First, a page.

Color modes: CMYK

The world of graphic design is chock-full of acronyms and jargon — RGB, spot color, bleeds, “Jif” (or “gif”), tint, additive, HSB, PMS. It can sometimes make your head spin.

Even if you’ve been at this for a while, you may find there are bits you never noticed or realized. And that happened to me not too long ago.

The way I see it, the design world is divided, at its broadest level, into two areas: print and screen. Now, there may be sub-categories (like packaging for print) or overlap (logo design/development, for example) every once in a while, but “things that can be output physically” vs. “things that we just look at on a screen” are to me the topmost layer. And each relies on different ways to achieve color.

From here on out I’m going to refer to anything that is viewed only on a screen — whether it’s a website, a phone app, animation or video — as “screen” design. I do this just for the sake of efficiency and brevity.

Screen design uses a color mode called RGB, and I’ll be covering that in a separate piece. Today, however, I want to focus on the print world, and specifically on CMYK.

A slightly different acronym for “CMYK” :-)

CMYK (also called “four-color process”, or just “process”) is the color mode with which anyone that works with and in print is familiar. CMYK is an acronym for the 4 plates used in process printing — Cyan, Magenta, Yellow, and the “Key” color, Black (It’s called key because the other 3 plates are aligned — or “keyed” to the black plate. It’s common, although technically incorrect, to use the “k” in black as an easy way to identify the plates. Don’t worry, no one will really mind if you do).

CMYK is also called a “subtractive” color model. (By contrast, RGB, which is used for screen, is called an “additive” color model). For the longest time I had trouble understanding why one was called additive while the other subtractive. But a while back, as I was in the car, it all came together for me.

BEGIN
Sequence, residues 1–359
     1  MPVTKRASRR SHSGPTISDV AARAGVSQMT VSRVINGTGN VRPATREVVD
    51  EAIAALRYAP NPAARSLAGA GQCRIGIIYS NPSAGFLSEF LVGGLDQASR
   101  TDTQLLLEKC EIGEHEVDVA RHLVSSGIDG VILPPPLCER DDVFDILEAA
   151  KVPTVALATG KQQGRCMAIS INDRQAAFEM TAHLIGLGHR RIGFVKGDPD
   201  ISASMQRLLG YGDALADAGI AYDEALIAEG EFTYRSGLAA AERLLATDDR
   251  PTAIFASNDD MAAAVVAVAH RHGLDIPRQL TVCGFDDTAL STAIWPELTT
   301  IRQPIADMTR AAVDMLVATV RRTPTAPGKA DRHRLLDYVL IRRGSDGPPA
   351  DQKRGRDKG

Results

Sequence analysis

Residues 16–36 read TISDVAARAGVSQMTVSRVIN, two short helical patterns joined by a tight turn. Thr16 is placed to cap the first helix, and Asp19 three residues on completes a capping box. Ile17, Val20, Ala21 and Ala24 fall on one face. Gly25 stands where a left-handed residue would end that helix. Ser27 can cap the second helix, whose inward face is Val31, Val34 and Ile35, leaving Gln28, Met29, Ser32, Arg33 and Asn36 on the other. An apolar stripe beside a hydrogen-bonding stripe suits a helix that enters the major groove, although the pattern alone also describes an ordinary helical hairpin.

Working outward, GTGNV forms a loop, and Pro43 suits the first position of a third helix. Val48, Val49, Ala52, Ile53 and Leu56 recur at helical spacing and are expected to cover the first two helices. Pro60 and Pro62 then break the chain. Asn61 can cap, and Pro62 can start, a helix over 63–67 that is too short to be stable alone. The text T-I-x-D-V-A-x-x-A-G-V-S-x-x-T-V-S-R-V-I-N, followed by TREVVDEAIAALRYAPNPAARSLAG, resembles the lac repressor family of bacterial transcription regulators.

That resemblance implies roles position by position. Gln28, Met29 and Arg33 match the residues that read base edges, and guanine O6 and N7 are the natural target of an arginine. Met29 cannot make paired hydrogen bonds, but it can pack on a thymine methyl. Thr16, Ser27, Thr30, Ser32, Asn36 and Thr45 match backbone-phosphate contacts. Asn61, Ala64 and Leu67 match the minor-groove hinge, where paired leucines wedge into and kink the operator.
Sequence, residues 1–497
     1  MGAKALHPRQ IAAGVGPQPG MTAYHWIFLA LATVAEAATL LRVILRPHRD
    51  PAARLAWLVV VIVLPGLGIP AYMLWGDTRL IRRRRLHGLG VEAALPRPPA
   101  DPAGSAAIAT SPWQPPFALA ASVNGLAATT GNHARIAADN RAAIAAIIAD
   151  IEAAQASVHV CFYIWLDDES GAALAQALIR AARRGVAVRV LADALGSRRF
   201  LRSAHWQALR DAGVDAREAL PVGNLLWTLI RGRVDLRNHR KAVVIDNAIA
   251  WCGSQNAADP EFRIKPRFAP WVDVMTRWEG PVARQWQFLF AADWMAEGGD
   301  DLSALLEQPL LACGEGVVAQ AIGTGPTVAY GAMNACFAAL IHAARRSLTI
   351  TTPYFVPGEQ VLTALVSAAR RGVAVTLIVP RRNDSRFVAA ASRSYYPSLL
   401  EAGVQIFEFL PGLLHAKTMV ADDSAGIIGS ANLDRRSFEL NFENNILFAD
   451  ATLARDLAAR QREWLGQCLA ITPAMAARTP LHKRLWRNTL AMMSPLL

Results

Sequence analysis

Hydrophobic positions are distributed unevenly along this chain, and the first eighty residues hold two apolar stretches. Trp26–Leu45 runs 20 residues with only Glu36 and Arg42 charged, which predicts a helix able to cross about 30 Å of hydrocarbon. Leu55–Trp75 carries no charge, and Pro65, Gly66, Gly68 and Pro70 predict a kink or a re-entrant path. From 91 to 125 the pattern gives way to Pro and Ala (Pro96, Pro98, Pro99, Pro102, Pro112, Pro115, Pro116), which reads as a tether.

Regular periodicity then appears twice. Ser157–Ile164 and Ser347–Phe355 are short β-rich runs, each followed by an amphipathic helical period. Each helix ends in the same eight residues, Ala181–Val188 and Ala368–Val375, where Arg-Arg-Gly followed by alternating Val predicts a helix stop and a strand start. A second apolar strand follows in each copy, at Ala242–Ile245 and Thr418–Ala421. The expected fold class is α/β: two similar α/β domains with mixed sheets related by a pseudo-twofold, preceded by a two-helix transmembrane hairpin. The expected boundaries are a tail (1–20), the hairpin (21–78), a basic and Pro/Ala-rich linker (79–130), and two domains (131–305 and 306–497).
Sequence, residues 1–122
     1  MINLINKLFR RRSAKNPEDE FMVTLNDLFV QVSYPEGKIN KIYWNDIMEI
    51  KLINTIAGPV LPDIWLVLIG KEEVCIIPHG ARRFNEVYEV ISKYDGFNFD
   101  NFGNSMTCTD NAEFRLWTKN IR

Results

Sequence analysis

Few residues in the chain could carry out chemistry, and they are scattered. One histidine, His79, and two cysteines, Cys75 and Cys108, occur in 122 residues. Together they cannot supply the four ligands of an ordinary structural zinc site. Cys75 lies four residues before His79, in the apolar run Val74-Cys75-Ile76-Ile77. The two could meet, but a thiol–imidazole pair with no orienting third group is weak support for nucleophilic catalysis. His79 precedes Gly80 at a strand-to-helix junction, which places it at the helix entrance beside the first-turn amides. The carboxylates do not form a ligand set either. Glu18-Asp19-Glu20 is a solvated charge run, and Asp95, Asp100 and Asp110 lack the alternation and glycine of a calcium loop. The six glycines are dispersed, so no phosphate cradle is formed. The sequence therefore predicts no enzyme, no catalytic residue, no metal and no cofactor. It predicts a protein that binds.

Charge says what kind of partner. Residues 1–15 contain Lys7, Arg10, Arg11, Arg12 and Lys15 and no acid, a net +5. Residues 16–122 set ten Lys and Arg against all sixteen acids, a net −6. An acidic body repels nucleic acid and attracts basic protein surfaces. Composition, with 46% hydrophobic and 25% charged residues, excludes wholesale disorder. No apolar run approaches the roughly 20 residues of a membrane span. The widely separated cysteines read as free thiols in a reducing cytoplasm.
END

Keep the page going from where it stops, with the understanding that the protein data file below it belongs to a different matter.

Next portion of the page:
It all comes down to how “white” is achieved.

Imagine you have a sheet of paper, and on it all you can see is blackness. You’ve also been given 4 erasers. Each one has a letter on it — C, M, Y and K. If you were to take these erasers one by one, you would slowly remove all color from the paper. Take the K eraser, and suddenly all the black is removed from the page, leaving magenta, yellow and cyan.

You take the Y eraser, and all of a sudden all you’re left with is cyan and magenta. And so on. Eventually, all you’d be left with is a white sheet of paper. You’ve effectively removed — subtracted — all color from the page. In order to achieve different colors, you’re taking off more or less with one of these erasers.

There you have it. I’ll be shedding some light on how RGB looks at color in a separate piece.

Until next time…


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